Exercising your dog is an important part of both their physical and mental wellbeing. Exercising increases your dog’s stamina, strengthens their joints and muscles, stimulates their brain and keeps their metabolism healthy. Consistent exercise will prevent destructive, boredom-related behaviours and keep your dog in tip-top shape throughout their life.
This leads us to the question: how much exercise does your dog actually need? Is there a magic number of exercise minutes you should be aiming for each day? Although it’s pretty easy to tell if your dog’s done too much exercise (cue: tongue on the floor) or not enough exercise (cue: chewed up shoes, one from each pair of course), it’s harder to know when they’ve had just the right amount.
The amount of exercise your dog should be getting each day depends on a number of factors, primarily: their age, breed and living arrangements. In addition to how much exercise they get, you should also think about the type of exercise they do. Their routine should have plenty of variety, both in terms of exercise intensities, as well as physically vs. mentally focused activities.
Here’s our guide for how much exercise your dog should be getting each day.
- Amount of exercise: Puppies should start with short bursts of exercise, which increase in length as they get older. A pup less than 3 months old exercise no more than 5 minutes at a time. As they approach six months, increase the number of 5-minute increments of exercise they are doing. By about 6 months, your dog should be comfortable doing about 30 minutes a day, and by 12 months, 1 hour a day.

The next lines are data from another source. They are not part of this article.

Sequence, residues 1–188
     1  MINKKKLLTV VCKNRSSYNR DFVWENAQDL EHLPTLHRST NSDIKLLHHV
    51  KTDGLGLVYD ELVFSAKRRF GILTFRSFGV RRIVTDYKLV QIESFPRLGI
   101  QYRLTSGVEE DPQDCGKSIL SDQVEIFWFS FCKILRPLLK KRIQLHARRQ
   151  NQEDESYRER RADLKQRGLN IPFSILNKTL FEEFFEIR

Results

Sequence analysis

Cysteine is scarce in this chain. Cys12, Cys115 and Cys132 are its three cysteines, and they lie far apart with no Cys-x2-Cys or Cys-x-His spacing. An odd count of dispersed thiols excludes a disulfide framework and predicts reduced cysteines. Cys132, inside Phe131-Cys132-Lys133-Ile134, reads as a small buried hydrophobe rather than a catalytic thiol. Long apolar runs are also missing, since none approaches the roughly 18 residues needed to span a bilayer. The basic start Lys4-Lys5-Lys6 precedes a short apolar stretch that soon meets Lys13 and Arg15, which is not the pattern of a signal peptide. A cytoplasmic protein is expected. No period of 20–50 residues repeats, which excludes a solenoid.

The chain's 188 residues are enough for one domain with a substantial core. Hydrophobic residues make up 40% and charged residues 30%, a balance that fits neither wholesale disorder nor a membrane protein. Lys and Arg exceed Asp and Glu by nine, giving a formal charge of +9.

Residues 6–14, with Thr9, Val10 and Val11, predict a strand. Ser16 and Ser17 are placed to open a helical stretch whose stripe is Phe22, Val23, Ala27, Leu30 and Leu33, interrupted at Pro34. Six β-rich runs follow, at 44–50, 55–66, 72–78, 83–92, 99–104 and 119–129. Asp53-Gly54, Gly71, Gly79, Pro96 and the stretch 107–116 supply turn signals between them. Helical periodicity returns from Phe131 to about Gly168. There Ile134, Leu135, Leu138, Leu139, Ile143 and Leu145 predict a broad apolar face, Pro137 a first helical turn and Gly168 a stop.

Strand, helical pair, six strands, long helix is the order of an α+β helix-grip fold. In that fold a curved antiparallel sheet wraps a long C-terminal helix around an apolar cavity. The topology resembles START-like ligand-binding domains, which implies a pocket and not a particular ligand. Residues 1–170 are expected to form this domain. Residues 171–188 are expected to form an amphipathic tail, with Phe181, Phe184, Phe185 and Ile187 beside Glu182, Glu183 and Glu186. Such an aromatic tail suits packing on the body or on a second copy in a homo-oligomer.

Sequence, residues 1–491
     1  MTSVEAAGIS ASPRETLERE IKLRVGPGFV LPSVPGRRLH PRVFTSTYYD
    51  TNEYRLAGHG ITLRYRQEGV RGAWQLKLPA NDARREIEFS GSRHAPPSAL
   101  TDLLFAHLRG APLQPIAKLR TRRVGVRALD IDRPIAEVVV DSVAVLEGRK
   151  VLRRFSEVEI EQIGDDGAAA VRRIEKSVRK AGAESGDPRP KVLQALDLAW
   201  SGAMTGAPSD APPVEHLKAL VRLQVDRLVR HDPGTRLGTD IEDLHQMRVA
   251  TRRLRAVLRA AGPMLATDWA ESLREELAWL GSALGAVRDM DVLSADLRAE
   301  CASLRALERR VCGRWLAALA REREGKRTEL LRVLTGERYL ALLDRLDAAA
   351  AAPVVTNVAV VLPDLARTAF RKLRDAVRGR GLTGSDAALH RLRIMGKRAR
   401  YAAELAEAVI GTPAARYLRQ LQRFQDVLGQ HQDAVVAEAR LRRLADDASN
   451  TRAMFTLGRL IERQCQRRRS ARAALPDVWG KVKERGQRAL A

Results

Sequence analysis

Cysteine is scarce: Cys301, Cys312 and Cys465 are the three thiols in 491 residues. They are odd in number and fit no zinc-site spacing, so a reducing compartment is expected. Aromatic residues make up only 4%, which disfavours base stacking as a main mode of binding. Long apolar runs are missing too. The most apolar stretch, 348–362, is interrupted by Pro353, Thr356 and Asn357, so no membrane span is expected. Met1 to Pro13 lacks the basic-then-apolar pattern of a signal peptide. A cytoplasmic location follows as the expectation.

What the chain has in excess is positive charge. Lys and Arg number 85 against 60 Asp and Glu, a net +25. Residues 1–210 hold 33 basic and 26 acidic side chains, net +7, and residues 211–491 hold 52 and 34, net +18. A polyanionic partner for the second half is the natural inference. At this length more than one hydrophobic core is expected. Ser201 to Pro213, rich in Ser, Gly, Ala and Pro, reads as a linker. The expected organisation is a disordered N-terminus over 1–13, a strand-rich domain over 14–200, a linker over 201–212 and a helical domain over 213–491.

- Type of exercise: Concentrate primarily on walking, it’s a good opportunity to practice obedience skills such as heel and sit. Overexercising with intense exercise can cause injuries and developmental problems. You should never take your young pup for a run.
- Amount of exercise: Even for our golden oldies, moving their bodies each and every day will bring them great benefits. Unless your older dog has a specific condition that prevents them from exercising, you should aim to exercise them for 30 minutes a day. If your dog is still fit and energetic, you can safely do up to 60 minutes.
- Type of exercise: The key to exercising older dogs is to do activities that don’t put too much stress on their joints. Walking is the typical choice. Swimming is also a great activity, as their buoyancy in the water takes the pressure off their joint, while the kicking action strengthens their legs and hips. If they are struggling to keep up with their walking or swimming (or even if not), get creative. A game of hind and seek around the house will challenge their minds, without putting too much stress on their body.
Adults, less active breeds (e.g. Bulldogs, Poodles, Maltese)
- Amount of exercise: For less active breeds, usually up to 60 minutes a day of exercise is sufficient. If you live in an apartment or unit, this should increase to 90 minutes per day.
- Type of exercise: For the less active dog breeds, the key is to wear them out both mentally and physically. Games like tug of war, playing fetch, and even socialising at the park will do great things for their mental wellbeing.
Adults, active breeds (e.g. Working Dogs)
- Amount of exercise: If you have an energic breed, you should be aiming to exercise them 1-2 hours a day. For herding dogs breeds, you should be aiming closer to the 2-hour mark. These are the type of dogs that if not exercised properly, will display disruptive, boredom driven behaviour issues. If you’re struggling to find the time to fit in that much exercise, dog walking or dog daycare may be the best solution, at least a few times a week.
- Type of exercise: The key here is variety, to keep their bodies and minds occupied and constantly challenged. Aim to mix it up with activities like running, swimming, hiking and playing fetch. Obedience and agility classes are a great activity for these breeds.